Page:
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CitationHou, J., & Romo, J. T. (1997). Growth and freezing tolerance of winterfat seedlings. Journal of Range Management, 50(2), 165-169.
PublisherSociety for Range Management
JournalJournal of Range Management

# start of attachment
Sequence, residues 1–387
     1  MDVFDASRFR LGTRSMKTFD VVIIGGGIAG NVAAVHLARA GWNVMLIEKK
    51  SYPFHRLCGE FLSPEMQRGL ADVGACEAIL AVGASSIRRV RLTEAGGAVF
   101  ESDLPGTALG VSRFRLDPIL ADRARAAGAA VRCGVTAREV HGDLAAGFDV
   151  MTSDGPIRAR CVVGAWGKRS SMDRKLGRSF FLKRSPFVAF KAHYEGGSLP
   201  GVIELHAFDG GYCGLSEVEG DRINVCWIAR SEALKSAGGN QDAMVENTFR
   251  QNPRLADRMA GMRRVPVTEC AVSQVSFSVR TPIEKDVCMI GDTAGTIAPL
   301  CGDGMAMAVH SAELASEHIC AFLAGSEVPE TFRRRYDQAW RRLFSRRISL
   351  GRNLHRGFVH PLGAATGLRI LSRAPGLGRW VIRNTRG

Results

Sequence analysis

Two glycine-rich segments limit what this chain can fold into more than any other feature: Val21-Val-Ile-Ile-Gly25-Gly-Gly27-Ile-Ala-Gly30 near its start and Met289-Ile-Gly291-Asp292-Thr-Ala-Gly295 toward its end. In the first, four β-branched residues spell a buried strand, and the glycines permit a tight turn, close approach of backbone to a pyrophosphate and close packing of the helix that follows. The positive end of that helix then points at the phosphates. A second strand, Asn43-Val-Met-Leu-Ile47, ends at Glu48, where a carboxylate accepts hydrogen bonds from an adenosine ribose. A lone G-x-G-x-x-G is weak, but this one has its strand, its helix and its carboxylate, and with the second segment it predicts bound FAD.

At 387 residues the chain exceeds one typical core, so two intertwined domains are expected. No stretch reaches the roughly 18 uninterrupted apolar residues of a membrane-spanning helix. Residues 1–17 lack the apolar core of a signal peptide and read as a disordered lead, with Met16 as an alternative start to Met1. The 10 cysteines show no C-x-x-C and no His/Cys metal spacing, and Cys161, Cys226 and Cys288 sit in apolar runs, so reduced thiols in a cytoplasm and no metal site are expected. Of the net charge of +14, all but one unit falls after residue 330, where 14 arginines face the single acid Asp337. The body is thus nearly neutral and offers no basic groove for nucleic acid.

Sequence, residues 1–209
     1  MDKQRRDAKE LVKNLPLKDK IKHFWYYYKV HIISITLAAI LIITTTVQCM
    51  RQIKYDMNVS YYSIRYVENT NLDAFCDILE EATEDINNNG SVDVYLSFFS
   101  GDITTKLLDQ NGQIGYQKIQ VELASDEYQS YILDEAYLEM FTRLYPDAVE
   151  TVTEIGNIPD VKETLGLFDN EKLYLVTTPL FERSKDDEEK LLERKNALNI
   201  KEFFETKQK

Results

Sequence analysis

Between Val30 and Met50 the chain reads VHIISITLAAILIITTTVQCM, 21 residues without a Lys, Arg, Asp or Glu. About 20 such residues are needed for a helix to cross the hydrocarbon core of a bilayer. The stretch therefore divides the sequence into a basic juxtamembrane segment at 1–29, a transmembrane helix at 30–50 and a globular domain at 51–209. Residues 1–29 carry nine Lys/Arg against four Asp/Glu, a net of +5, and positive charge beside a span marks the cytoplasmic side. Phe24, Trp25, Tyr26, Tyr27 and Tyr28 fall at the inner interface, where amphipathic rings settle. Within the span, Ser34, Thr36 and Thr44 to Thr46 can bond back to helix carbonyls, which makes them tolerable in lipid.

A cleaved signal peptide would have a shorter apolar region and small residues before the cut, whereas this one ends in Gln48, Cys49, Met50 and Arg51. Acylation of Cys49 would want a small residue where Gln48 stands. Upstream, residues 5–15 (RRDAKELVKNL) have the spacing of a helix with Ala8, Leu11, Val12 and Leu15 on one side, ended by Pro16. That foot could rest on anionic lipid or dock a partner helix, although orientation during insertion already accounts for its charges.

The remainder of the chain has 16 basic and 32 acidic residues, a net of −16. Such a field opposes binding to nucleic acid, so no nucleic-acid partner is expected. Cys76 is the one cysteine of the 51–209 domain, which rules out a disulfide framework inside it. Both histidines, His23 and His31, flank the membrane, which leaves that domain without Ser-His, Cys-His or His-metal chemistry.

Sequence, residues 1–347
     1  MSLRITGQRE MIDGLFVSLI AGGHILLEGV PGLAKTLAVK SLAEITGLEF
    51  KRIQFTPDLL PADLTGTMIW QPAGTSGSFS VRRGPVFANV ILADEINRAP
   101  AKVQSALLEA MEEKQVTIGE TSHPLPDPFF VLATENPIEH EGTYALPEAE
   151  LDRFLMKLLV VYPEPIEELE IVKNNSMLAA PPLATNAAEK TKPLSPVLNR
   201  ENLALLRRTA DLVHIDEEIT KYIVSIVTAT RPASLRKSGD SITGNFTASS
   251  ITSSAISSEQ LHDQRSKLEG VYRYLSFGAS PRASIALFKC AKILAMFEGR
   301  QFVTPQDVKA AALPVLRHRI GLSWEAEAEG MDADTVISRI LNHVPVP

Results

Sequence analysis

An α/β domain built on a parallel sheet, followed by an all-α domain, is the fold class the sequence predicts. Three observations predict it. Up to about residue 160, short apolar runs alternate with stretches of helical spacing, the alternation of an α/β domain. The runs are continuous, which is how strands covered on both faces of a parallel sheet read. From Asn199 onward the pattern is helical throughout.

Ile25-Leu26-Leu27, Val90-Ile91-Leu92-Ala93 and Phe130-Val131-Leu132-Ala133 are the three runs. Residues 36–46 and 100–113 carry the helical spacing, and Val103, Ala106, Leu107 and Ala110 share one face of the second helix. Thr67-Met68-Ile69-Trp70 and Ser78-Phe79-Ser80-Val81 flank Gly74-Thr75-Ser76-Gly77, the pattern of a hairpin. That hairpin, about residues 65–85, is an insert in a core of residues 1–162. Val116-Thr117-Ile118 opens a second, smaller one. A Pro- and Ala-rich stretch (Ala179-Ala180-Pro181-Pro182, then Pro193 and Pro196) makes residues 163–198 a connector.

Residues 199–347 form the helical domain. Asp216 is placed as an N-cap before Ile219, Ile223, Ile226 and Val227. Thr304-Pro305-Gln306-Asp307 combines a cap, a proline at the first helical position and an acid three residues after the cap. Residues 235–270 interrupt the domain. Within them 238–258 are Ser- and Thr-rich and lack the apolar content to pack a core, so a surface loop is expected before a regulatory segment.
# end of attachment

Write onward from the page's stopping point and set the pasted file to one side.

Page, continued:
AbstractTolerance to freezing temperatures may be an important factor in the regeneration ecology of winterfat (Ceratoides lanata (Pursh) J.T. Howell). Therefore, growth and freezing tolerance of winterfat seedlings were determined after being grown under different controlled temperatures for 7, 14, 21, or 28 days. Growth of seedlings was greater under day temperatures of 15 and 20 degrees C relative to 5 and 10 degrees C. Freezing tolerance of seedlings was dependent on seedling age and growth conditions. Younger seedlings were more freezing tolerant than older ones grown under the same environmental conditions. Seedlings grown under lower temperatures were more freezing tolerant than those grown under higher temperatures. The lowest observed lethal temperature for 50% mortality (LT50) was -11.8 degrees C for 7-day old seedlings grown under 10/0 degrees C alternating temperatures, and the highest LT50 was about -5 degrees C for seedlings 28 days of age when grown under 29/1 degrees C. Based on seedbed temperatures in the field, the results suggest that freezing temperatures may indeed limit the establishment of winterfat seedlings on Northern Mixed Prairie. Seedbeds with litter accumulations or standing dead plant material may ameliorate low temperature extremes and reduce mortality of winterfat seedlings.